Italian women may soon have access to RU 486 medication on a limited basis.
Unfortunately it appears that new health care regulations in Québec will make it more difficult for women to obtain a IVG (interruption volontaire de grossesse) in the future. Le Devoir and other media report that the requirements of Bill 34 which establishes understandably rigorous standards for private clinics, in the wake of medical accidents such as Micheline Charest's death in 2004, may lead to the closure of some abortion clinics. Physicians and obstetricians are lobbying the government to exclude IVG procedures from Bill 34, since in their professional opinion there is no justification to apply such requirements. Abortions practised in the first trimester are normally performed with the administration of a local anaesthetic; complex root canals are more risky than such IVG. Doctors and nurses who work in clinics and in hospitals have pointed out that first trimester abortions provided in institutional settings do not have to meet these requirements.
The Vatican and Catholic politicians today reacted with dismay to a decision by Italy's drugs agency to approve limited use of the abortion pill Mifepristone, which has been available in much of the rest of Europe since the 1990s. Senior Vatican officials said women who took the pill would be excommunicating themselves, as would doctors who prescribed it and nurses who administered it. Because of the high proportion of conscientious objectors to abortion in the Italian health service – some 70% – it is likely that use of the pill will be circumscribed.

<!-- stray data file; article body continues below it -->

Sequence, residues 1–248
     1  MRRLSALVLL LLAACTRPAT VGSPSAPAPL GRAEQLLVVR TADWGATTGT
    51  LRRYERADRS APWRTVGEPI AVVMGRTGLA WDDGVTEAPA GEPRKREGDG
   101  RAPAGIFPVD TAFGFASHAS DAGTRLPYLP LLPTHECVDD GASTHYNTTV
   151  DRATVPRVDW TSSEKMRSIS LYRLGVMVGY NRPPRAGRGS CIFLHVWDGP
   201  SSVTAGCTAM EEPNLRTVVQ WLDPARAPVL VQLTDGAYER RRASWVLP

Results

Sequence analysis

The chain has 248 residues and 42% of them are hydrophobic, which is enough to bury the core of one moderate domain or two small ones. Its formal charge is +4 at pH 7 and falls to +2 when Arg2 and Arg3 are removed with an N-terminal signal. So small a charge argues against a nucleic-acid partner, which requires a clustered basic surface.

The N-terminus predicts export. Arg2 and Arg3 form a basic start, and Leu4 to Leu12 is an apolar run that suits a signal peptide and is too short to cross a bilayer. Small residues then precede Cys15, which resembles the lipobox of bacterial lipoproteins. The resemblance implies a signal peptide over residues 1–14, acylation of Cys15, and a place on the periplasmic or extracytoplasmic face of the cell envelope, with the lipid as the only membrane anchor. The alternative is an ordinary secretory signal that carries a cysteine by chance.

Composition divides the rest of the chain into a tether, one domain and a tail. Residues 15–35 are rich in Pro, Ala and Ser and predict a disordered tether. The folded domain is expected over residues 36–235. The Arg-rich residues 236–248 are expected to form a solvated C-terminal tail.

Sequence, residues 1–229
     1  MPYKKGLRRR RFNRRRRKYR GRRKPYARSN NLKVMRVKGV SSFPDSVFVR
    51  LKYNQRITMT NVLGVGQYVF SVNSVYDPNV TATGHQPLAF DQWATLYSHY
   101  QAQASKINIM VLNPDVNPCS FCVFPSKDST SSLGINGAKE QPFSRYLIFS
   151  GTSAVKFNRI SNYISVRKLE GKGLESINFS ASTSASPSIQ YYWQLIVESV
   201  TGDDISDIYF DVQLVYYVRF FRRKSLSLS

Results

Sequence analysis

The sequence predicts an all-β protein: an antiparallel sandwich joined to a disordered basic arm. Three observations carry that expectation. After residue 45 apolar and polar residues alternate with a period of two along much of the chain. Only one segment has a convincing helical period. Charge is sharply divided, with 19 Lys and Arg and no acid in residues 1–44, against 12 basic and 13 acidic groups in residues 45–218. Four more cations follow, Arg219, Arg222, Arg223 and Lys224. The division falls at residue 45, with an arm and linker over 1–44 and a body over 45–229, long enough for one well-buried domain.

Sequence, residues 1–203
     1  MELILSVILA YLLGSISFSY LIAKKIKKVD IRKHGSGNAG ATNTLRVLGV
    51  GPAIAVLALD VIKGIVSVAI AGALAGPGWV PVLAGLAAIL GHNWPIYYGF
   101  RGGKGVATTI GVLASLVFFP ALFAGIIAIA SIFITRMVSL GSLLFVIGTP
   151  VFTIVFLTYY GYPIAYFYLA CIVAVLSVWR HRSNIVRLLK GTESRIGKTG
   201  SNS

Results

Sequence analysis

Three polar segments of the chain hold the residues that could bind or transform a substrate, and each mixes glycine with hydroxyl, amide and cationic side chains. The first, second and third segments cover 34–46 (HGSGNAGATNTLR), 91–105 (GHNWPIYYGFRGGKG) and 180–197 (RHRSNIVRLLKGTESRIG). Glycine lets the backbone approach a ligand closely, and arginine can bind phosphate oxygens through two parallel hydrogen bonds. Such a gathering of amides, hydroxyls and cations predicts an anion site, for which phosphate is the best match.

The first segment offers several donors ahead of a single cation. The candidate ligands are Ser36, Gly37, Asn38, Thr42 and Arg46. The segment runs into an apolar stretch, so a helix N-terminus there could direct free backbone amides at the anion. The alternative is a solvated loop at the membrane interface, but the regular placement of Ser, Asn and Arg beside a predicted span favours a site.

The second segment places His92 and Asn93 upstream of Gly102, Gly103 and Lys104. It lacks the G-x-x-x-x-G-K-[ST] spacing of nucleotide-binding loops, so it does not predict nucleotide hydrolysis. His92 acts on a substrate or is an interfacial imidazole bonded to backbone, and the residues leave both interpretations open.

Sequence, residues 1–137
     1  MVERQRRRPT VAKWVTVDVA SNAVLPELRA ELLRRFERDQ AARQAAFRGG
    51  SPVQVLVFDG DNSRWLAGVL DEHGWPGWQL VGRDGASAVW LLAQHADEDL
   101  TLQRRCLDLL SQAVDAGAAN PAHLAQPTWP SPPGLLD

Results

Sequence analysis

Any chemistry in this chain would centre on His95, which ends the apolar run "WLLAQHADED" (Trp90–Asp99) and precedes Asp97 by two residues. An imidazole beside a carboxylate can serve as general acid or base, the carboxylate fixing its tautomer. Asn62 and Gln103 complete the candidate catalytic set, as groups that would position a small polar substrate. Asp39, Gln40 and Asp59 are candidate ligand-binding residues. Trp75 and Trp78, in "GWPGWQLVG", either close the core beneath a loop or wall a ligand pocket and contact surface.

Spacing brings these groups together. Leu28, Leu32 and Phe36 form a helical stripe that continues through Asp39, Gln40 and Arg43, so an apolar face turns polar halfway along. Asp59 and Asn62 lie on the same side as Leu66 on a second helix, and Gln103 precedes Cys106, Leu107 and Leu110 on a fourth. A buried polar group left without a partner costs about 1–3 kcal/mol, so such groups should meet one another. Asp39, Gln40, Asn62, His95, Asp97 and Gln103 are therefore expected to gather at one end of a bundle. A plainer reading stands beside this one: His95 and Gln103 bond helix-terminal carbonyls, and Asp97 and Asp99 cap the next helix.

After a reportedly heated four-hour session that ended late on Thursday, the board of the Italian pharmaceuticals agency, AIFA, voted by four to one to approve Mifepristone. But it stipulated that the pill should only be administered in hospital during the first seven weeks of pregnancy.
It's one of those events that, as with federal Bill C-484 (now-defunct), makes you wonder if a tiny group of anti-choice bureaucrats and politicians hoped to sneak these restrictions under the radar, without the benefit of public scrutiny. Polls have indicated that the majority of Canadians support access to abortion.
One inadvertently comic note about the Italian story, which includes far too much information about the Italian prime minister (emphasis ours):
For Silvio Berlusconi's government and its supporters, this was a delicate moment for any announcement bearing on sexual ethics. Recordings purportedly made by a prostitute who claims that she spent the night with Italy's 72-year-old married prime minister have focused public attention on his own apparently wide-ranging sex life. In one, a businessman who allegedly supplied women for parties at Berlusconi's home can be heard warning one of them that the prime minister never uses a condom.That must make him a good Catholic - right?